On May 21st, the Middletown Township Committee introduced Ordinance 2012-3060, which loosens the Township’s pay-to-play rules and reinstates the weaker state regulations that were in place prior to January 1, 2008. A public hearing on the Ordinance is scheduled for June 18 at
The Township’s move follows the footsteps of the Monmouth County Freeholders, who voted unanimously on January 26th to adopt the state’s “fair and open” process in place of stronger pay-to-play rules that were put in place in the county after 2008 Operation Bid Rig.
The Township Ordinance, if adopted, opens the door to rewarding politically connected persons and businesses with municipal contracts, weakens competition, and may have the direct effect of increasing property taxes in line with higher contract costs.
New Jersey State Comptroller Matthew Boxer released a 20-page report in September 2011 entitled “Weaknesses in the Pay-to-Play Law’s “Fair and Open” Contracting System”. It states, “Qualifying for the fair-and-open exception returns the local government entity to the traditional, unregulated system of contracting.” “In effect, no-bid contracts may be awarded to favored local vendors much as they had been prior to the passage of the pay-to-play law, and without regard to issues such as vendor cost.”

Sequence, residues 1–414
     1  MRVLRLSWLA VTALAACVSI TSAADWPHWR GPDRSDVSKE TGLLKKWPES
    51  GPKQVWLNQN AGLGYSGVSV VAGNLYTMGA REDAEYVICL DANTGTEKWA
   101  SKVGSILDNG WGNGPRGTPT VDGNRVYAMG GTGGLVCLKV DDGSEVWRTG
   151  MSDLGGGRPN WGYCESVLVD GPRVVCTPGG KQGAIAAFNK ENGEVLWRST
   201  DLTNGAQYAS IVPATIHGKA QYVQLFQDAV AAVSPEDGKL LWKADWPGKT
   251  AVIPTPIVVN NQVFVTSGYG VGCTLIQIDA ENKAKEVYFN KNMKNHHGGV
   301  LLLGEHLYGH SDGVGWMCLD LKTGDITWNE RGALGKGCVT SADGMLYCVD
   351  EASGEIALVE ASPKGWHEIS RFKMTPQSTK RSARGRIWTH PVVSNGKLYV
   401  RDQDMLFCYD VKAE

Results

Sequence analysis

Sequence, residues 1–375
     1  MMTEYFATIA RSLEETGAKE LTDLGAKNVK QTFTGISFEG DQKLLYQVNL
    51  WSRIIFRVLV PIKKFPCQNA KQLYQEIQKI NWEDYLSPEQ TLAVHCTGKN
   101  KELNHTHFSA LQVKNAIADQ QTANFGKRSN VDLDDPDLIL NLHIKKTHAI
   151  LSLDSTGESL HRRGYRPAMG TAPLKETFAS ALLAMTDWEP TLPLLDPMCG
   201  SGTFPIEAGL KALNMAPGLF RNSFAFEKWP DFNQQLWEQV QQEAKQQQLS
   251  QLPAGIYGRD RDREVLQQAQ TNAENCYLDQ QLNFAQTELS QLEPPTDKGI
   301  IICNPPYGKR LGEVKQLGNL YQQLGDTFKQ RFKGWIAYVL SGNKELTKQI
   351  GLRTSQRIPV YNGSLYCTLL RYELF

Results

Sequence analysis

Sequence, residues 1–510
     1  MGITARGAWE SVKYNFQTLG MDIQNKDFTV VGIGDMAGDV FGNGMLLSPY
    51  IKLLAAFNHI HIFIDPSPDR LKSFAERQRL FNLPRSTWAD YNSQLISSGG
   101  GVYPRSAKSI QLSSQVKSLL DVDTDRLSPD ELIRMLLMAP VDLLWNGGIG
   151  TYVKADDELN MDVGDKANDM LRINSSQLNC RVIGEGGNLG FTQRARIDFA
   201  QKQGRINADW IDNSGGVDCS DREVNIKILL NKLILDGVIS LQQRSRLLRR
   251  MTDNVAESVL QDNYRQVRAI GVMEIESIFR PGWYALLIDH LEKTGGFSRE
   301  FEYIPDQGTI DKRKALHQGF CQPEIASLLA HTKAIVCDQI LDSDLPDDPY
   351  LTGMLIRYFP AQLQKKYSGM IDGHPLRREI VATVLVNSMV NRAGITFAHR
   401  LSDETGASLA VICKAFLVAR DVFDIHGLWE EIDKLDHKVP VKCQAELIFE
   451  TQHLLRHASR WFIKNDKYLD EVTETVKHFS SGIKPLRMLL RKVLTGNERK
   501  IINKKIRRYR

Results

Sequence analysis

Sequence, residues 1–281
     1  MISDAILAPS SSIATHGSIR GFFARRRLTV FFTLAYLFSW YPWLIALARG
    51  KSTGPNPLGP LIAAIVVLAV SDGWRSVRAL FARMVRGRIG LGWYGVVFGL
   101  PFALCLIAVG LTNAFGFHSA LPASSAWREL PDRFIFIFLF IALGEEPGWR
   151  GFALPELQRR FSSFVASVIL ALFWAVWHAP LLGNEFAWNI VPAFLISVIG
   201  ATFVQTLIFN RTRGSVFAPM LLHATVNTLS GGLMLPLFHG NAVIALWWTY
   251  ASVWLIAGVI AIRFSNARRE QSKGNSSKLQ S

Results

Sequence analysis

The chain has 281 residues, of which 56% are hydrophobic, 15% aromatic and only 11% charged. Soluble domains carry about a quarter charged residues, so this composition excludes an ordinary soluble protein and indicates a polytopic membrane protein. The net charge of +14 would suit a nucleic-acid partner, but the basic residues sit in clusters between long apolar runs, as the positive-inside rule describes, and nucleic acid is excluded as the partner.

Further, in order to receive certain categories of state aid, a municipality is required to have a strong pay-to-play ordinance in place. The state Department of Community Affairs recommends a model pay-to-play ordinance that is similar to the one currently in effect in
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”The main problem with “fair and open” is that it’s so easy to qualify, that it pretty much allows for business as usual,” said Heather Taylor, Communications Director for public advocacy organization The Citizens Campaign. She said, ”When we are reading in the paper that stealth PACs are springing up in Middlesex County and other places, now is not the time to be relaxing the rules, but rather the time to make sure we have the strongest laws possible.”